This drawing machine is built with cardboard, hotglue and small inexpensive 9g servos from Ebay, and is programmed with an arduino.



First test

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Hvorfor lage bare en tegnemaskin når man kan lage to :)

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Second test

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#drawbot #arduino #art

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The above video shows the Drawing machine #2 running a plotclock script, but because the servomotors are placed in a different configuration than intended the result is quite interesting.

The code is available from Codebender.cc

Drawing machine #1

This has been on the todolist for a few years, but today I finally got around to building my first drawbot using Arduino. I wanted to make something that was light, minimal and portable, that can be added to any flat surface with a gluegun. I use small steppermotors with bobbins (from eBay) and thread from a sewing machine to lift a coin with a sharpened charcoal-stick though the center, and a solid metal picture frame as a base.

Version 0.1: Drawing spirals

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Hvorfor tegne selv når man kan lage en maskin til å gjøre jobben :)

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Hardware
Arduino: Duemilanove arduino board or similar, from eBay.
2 x Stepper motors: 28BYJ48, from eBay
2 x stepper drivers: ULN2003, from eBay
Gondola: Coin with center hole. Charcoal is sharpened and fitted, and fastened with a few dots of glue.
2 x Sewing machine bobbins, from eBay with thread
Charcoal stick, from eBay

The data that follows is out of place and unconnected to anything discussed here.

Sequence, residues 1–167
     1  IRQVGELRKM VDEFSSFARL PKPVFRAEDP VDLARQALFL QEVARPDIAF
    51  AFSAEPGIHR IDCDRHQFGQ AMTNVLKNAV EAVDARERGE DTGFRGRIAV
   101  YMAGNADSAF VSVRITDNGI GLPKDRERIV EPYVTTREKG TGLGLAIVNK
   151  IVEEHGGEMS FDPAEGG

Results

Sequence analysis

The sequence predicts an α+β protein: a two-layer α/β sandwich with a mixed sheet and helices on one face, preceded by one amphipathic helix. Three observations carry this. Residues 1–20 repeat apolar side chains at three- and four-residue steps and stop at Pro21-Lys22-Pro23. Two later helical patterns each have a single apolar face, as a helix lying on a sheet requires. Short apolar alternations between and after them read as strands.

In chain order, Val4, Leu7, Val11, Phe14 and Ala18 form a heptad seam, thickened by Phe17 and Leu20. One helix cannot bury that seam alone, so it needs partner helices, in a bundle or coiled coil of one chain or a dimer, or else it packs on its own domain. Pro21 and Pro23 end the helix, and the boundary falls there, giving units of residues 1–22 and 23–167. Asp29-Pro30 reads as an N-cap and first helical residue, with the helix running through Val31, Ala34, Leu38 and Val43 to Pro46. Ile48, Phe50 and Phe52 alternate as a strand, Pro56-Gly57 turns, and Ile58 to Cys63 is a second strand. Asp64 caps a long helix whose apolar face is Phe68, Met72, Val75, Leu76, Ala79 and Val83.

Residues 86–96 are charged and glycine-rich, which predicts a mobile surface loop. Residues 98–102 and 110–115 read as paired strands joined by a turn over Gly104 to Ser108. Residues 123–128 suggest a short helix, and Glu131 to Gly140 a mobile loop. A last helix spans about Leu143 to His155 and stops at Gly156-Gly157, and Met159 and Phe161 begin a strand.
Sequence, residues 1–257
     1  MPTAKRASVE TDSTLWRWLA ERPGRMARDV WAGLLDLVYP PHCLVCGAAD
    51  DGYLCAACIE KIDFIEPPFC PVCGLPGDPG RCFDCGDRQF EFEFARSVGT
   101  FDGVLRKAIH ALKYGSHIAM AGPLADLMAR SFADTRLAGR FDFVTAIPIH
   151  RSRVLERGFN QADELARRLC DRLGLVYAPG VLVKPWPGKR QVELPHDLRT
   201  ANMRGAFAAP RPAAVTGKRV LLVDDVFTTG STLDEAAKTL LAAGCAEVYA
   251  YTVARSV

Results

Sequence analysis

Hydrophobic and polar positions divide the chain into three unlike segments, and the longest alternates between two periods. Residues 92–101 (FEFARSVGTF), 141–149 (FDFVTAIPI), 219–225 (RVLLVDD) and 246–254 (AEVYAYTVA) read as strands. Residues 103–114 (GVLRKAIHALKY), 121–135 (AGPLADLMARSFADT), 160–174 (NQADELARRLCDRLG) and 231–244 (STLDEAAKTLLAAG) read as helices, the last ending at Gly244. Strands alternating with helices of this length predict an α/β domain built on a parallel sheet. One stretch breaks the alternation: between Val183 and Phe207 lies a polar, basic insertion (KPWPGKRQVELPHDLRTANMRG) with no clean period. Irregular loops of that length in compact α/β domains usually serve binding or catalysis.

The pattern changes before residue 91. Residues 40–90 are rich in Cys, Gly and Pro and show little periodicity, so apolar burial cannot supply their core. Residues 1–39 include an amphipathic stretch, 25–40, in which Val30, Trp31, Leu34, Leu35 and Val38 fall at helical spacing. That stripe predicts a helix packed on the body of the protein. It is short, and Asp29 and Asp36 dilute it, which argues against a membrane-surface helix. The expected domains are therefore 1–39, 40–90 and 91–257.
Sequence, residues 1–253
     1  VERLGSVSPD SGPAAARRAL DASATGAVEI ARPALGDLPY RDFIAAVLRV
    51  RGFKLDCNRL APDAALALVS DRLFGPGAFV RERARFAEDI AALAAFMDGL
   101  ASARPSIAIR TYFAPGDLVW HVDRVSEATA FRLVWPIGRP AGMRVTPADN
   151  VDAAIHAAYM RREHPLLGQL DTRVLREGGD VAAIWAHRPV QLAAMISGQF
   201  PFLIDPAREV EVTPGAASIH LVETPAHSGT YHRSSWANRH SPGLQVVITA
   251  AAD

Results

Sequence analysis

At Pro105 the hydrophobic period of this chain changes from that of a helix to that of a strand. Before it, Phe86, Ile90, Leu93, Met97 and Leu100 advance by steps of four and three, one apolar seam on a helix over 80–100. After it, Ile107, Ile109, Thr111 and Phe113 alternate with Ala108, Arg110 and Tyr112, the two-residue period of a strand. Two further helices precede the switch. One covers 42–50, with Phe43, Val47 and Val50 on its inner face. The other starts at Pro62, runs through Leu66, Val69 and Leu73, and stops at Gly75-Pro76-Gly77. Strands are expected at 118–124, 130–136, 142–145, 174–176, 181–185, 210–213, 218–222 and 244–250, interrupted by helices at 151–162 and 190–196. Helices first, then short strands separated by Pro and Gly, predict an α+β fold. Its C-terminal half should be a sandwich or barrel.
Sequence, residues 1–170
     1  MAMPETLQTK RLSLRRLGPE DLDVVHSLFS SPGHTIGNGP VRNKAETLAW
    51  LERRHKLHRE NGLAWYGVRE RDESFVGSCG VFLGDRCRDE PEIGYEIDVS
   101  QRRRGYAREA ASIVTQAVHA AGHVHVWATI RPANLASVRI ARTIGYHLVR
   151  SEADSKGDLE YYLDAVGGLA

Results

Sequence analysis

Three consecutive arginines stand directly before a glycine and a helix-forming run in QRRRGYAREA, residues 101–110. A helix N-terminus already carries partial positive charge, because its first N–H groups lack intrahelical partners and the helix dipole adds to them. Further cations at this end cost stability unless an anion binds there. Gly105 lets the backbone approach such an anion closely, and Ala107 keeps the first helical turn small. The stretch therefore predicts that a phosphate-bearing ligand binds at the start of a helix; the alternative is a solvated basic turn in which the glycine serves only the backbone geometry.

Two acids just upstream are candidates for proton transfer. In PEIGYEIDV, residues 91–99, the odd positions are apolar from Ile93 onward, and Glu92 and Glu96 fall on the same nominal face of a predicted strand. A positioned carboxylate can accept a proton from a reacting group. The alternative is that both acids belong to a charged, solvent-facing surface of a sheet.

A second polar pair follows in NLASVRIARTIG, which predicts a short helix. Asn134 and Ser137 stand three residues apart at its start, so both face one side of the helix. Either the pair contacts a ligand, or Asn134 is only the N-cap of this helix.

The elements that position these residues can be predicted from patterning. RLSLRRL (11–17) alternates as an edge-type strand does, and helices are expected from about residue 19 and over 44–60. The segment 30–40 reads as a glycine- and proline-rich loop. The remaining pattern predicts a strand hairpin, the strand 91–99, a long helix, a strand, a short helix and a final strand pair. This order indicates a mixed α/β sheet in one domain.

Hot glue gun, from eBay

Code (based on this):
By changing the speed and number of steps it draws asymetric paths. 2048 steps = 1 revolution on these stepper motors.

Charcoal Timelapse:

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Pen plotter #1 timelapsei 12x hastighet. #hyperlapse #drawbot #arduino

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Ink Test
I cut a piece of sponge and used a pipette to add ink while the machine is running.

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Arduino + steppermotorer + svamp = kunst! #arduino #drawbot #art #diy

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Version 1.0: Running Polargraph Controller software

The machine is now running the Polargraph firmware, controlled via serial from a Processing app on my laptop. It took a bit of tinkering to get the firmware to run with my steppers and drivers, but once it was up and running it worked pretty well.

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Drawing machine #1 is taking shape!

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#wip #drawbot #polargraph #art

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Next steps
Run the machine on grbl firmware and test other controllers.
Testing a variations of pens and paper.
Build more machines! Some of the motives I’m working on takes up to 12 hours to draw, so to increase the learning curve I would love to have at least a few more up and running.

Useful tutorials:
Wire and run one stepper and driver.
BYJ48 stepper motor on Instructables
Code for running two stepper motors in opposite directions
Polargraph Drawing Machine on Instructables

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Cardboard project box, spot glued to the back of the frame for easy removal.  


Test, running unicode.h library

Write L, R, U or D in the Serial Monitor to control the motor. (see also: Youtube Tutorial)

Code


Serial Monitor